I had been experiencing itching and discomfort on my vulva off and on for about 7 years or more. Canesten was a constant repeat prescription with only limited relief. I had presented over the years with symptoms and been treated for thrush, or advised about washing powders, soaps or too much sugar in my urine. In the year leading up to diagnosis I had been told my symptoms were from menopause. With hindsight I should have been more direct and explicit with the doctors and asked to be examined. My burning and pain felt like it was at the vaginal opening so that's what I complained about.
In September 2018 I presented myself at the locum GP and told her I thought I had Lichen Sclerosis as the burning, itching and bleeding was unbearable. She corrected my pronunciation of Lichen Sclerosis and then asked me what did I know about it! I lied and said my mother had it and on that basis she then examined me and confirmed my self diagnosis. During the consultation she discovered I had been bleeding post menopause and advised that she would be sending me for womb biopsies. Bleeding after menopause needs investigation as it can be a sign of womb cancer. I'd been dismissing it as just my hormones and wasn't unduly concerned.
Two weeks later I was seen at an outpatient clinic for biopsies of my womb. Unfortunately, as I'd never had a vaginal birth my cervix was too tight and the doctor couldn't get through to take the samples. After a number of attempts and increasingly torturous looking equipment he said I was going to have to be admitted and have the procedure done under general anaesthetic.
I was admitted a couple of weeks later to have a hysteroscopy and biopsies under anaesthetic. On the morning of surgery I had a chance conversation with a consultant gynecologist that I since have had no doubt saved my life. I asked if she could be gentle during surgery as everything was so raw and sore down there. She was surprised that the steroid regime for Lichen Sclerosis hadn't been helping, and she suggested doing vulval biopsies as well.
Three weeks later, barely a week before my 49th birthday, I was told I had VIN3 and squamous cell carcinoma of the vulva. My womb biopsies were clear. Had the vulval biopsies not been taken I would have been misguidedly walking about thinking I was fine while my cancer continued to grow.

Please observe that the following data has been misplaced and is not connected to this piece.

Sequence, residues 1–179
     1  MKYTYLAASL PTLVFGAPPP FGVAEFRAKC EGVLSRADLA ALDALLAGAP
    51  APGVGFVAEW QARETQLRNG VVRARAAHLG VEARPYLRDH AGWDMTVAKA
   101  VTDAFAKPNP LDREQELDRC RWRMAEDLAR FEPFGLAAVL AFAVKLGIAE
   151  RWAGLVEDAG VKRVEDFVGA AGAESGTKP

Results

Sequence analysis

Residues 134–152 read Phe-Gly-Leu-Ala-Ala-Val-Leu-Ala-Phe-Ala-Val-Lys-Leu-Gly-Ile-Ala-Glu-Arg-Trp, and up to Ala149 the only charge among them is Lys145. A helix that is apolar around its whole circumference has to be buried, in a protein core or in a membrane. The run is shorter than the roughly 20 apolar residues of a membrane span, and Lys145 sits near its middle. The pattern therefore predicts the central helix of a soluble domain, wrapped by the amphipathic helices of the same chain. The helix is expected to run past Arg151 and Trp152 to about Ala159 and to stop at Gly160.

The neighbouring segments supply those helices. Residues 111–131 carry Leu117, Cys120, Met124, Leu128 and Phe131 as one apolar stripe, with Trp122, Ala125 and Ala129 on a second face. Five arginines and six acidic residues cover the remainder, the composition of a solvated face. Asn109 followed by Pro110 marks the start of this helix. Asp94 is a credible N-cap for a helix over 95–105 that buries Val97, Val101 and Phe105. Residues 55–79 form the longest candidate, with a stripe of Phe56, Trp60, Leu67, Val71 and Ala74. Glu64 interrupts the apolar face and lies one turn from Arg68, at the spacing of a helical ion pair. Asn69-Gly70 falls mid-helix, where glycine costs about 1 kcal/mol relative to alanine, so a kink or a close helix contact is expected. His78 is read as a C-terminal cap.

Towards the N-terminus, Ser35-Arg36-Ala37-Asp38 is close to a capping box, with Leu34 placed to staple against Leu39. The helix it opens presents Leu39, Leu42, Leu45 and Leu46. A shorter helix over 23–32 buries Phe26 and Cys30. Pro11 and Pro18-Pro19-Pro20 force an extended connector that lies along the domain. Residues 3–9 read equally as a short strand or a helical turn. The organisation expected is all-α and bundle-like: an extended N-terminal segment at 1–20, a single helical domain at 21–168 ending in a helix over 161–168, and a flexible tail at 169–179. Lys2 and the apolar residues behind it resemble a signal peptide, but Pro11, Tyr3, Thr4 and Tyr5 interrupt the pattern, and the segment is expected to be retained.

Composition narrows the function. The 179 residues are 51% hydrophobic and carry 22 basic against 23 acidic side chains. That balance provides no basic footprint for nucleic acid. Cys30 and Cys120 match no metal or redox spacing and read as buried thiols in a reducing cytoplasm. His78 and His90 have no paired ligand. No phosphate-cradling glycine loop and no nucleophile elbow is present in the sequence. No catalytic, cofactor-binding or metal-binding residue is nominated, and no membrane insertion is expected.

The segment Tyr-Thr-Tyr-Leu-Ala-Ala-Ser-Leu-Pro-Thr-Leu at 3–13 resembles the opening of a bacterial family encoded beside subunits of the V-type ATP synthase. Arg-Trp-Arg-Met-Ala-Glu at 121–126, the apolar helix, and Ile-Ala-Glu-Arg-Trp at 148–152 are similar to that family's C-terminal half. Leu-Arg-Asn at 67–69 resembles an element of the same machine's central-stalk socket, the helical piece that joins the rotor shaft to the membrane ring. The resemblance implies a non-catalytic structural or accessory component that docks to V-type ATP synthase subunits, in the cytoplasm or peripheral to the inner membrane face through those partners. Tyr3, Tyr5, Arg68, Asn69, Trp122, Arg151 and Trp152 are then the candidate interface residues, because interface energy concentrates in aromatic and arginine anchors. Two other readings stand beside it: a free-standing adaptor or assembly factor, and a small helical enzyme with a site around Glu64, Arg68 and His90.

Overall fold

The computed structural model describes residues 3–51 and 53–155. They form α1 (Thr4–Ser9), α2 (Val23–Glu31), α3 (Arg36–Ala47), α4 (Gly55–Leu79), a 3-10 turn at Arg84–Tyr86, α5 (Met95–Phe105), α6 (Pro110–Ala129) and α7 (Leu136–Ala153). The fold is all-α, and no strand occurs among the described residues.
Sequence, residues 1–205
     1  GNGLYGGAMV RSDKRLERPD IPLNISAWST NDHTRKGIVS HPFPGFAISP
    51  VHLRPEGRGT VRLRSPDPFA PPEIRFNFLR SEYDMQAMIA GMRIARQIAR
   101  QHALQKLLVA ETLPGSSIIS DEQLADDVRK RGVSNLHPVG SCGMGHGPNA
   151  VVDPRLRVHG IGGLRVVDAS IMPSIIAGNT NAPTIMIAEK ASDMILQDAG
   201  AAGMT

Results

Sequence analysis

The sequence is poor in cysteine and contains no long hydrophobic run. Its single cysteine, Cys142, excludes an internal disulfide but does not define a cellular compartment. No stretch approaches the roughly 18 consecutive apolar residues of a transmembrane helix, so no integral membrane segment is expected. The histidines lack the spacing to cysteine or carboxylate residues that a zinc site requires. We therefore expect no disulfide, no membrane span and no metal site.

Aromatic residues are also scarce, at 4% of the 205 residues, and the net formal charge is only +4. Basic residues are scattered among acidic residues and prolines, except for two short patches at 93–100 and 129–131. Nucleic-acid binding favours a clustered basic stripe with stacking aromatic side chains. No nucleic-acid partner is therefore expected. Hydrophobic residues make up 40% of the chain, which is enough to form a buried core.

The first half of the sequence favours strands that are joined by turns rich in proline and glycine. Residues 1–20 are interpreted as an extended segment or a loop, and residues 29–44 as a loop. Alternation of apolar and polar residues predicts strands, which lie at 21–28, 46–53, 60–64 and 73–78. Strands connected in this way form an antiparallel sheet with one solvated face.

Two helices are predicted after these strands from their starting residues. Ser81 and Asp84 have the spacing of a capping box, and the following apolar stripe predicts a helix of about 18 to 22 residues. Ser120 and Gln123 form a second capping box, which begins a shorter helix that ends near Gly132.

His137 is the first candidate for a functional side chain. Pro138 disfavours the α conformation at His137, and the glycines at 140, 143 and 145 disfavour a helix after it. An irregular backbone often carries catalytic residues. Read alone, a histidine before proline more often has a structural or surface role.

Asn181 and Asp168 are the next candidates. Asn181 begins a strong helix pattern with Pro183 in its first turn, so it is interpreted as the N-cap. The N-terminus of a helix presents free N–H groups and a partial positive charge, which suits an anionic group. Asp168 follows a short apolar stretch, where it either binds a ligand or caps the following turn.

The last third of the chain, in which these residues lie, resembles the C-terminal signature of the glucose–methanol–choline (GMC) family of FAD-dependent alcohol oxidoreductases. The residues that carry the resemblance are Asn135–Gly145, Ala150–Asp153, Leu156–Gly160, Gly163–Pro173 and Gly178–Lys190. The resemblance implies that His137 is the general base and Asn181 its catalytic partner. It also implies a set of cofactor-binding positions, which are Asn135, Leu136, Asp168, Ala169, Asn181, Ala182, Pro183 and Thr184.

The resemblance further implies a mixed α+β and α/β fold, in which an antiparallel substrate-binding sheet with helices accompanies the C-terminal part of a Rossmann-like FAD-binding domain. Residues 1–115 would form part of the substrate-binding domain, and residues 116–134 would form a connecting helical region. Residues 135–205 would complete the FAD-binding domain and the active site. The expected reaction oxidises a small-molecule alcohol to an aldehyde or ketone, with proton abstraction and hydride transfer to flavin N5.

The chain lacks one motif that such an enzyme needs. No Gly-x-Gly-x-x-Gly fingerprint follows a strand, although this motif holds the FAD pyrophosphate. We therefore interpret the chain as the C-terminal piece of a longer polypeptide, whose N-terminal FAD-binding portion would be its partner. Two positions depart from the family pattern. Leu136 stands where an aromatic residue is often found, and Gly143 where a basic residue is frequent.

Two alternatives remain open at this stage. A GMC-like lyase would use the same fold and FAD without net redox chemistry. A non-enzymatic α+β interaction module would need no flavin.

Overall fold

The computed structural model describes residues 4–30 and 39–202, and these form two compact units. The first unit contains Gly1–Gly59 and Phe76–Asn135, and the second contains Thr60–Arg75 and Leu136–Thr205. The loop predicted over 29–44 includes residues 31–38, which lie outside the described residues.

It was another month before the surgery to remove the cancer took place. I also had sentinel lymph node dissection on both sides to check if the cancer had spread.
I was lucky, my cancer was contained in the vulval area, albeit very close to my anus and there was concern that trying for clear margins could damage my sphincter and risk incontinence.
Scroll forward to the present and I've had biopsies repeated as I was symptomatic and the gynae oncologist suspected there was evidence of VIN. I'm just waiting, hoping for the best but won't be surprised if it's not good news. Vulval cancer likes to recur, especially within the first two years.
I'm surprisingly calm about it. Even though it's been a tough journey. It's the things you wouldn't expect though that I've found tough.
I'm blessed with amazing family and friends and I've had amazing support. Messages of thoughts and prayers from people I barely know really lifted my spirits in difficult times. They helped compensate for the people who couldn't handle my diagnosis and disappeared.
The judgement can be pretty tough too. Comments like, " Oh well at least it wasn't breast cancer!", "awe at least it was only surgery and she didn't need chemo". I don't think you can compare cancers and cancer treatments like that. All cancer sucks in my opinion. Vulval cancer, like any other cancer, has its own individual challenges. It's quite rare and a lot of people have never heard of it. Those that have heard of it believe it to be only an older ladies disease. The average GP will see only one case every seven years. It's difficult to talk about because of where it is. It's still a taboo with a stigma attached - as if we got it because of our sexual activity. There are lots of misconceptions about vulval cancer but it's not the easy cancer some believe it to be. The surgery to save our lives is often described as barbaric and mutilating by some ladies. The physical and psychological after effects can be severe and long lasting. It's painful, and traumatic and often very lonely and isolating. Finding the facebook support group truly saved my sanity, despite me having a really great support network.
I've been very open about my diagnosis, using my experience as an opportunity to raise awareness where I can. I no longer care who judges me as long as people talk about vulval cancer. I use the word vulva as often as I can and encourage others to as well. It should be as normal as saying elbow - although judging by the look of horror on some folks face sometimes, we are a way off that level of normal!
Write something about yourself. No need to be fancy, just an overview.